Both Hg. capricornii and Hg. leucocelaenus are known to be potential arbovirus vectors and on several occasions adults were observed invading open areas with plantations, and even villages or houses close to the forest (Pinheiro et al.36, 1981; Méndez et al.27, 1984). This behaviour must be considered together with the possibility of viruses penetrating into these residual forests by means of the migration of vertebrate reservoirs, which may result in virus transmission to man when he enters that environment or lives close to it. Besides this, it must be remembered that the reinvasion of Brazilian territory by Ae. aegypti may provide favourable conditions for the propagation of the yellow fever virus from these rural environments to the urban one. A good example of this possibility is represented by the situation at "Lupo" Farm where Haemagogus mosquitoes are common, and the farm is only about 4km from "Araraquara" city where the urban yellow fever mosquito. Ae. aegypti, was recently found, that is since June 19863.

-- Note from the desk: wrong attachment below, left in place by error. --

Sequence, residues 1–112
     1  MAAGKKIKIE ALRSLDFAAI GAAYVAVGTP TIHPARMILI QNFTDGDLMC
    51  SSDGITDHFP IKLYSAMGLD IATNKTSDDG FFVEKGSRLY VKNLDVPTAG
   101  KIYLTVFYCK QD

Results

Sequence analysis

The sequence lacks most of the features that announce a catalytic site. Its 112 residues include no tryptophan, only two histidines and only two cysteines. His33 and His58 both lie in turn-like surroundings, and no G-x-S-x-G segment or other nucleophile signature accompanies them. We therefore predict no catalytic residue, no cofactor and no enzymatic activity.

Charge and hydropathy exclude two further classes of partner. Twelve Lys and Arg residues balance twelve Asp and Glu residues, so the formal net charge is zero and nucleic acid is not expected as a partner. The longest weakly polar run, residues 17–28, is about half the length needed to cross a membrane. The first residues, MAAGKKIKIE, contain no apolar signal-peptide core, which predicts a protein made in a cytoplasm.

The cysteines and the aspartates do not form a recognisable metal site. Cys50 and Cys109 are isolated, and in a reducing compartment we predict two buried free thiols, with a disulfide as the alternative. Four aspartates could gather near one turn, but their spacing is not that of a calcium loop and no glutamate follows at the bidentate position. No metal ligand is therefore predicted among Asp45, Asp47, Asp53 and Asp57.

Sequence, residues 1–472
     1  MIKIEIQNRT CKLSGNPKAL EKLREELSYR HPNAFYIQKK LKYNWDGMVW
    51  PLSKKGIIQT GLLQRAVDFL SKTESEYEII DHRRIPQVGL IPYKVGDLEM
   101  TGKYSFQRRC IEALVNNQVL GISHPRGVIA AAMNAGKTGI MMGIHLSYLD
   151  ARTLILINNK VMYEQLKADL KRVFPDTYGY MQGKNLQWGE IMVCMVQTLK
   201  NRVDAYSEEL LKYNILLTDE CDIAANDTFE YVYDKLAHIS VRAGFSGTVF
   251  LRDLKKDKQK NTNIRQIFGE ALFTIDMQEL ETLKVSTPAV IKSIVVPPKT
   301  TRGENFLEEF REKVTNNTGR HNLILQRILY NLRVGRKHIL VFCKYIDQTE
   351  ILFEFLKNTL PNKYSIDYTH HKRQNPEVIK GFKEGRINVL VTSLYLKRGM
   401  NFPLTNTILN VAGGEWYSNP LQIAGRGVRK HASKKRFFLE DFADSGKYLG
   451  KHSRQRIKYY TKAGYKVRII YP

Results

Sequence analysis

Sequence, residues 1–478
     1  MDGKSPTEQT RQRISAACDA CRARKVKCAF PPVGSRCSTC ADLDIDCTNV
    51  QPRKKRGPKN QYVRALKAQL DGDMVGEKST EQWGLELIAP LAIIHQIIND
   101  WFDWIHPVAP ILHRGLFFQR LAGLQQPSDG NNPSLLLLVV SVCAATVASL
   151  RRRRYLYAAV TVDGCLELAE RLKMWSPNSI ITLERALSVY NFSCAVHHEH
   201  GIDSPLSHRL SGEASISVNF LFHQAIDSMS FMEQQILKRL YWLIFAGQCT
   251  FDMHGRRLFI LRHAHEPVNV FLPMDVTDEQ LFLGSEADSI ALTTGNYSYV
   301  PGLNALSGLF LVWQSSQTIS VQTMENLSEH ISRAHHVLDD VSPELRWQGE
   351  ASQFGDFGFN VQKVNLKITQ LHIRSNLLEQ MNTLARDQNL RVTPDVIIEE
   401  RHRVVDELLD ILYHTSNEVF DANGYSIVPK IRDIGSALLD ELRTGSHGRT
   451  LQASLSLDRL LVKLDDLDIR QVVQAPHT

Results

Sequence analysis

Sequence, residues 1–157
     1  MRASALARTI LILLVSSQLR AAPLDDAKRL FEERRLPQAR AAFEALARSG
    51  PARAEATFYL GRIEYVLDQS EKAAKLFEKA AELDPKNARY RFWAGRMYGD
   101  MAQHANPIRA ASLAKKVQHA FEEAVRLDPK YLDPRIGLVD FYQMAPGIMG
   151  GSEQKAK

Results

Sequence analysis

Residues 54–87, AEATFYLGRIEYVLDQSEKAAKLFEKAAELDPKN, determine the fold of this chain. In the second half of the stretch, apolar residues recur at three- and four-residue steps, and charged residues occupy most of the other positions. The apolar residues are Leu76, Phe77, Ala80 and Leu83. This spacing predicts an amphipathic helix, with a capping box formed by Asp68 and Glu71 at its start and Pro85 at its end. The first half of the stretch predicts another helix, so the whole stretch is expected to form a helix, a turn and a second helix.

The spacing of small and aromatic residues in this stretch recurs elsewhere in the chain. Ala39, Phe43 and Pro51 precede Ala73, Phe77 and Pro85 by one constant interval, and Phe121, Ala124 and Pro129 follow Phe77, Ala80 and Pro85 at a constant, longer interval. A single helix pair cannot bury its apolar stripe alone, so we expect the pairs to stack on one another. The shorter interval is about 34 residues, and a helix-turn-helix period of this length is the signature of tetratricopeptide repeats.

Prof. Dr. Jair Lício Ferreira Santos for his valuable help in the computer programming and statistical calculations on the data.



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Received for publication: 19/11/1987
Accepted for publication: 29/3/1988



1 Partially supported by Grants n. B/76/80/238/00/99 ("Financiadora de Estudos e Projetos" — FINEP) and n. 82/0286-1 ("Fundação de Amparo à Pesquisa do Estado de São Paulo" — FAPESP).
2 1983 data. Unpublished report.
3 Data oi the "Superintendência de Controle de Endemias" (Endemics Control Department). Unpublished.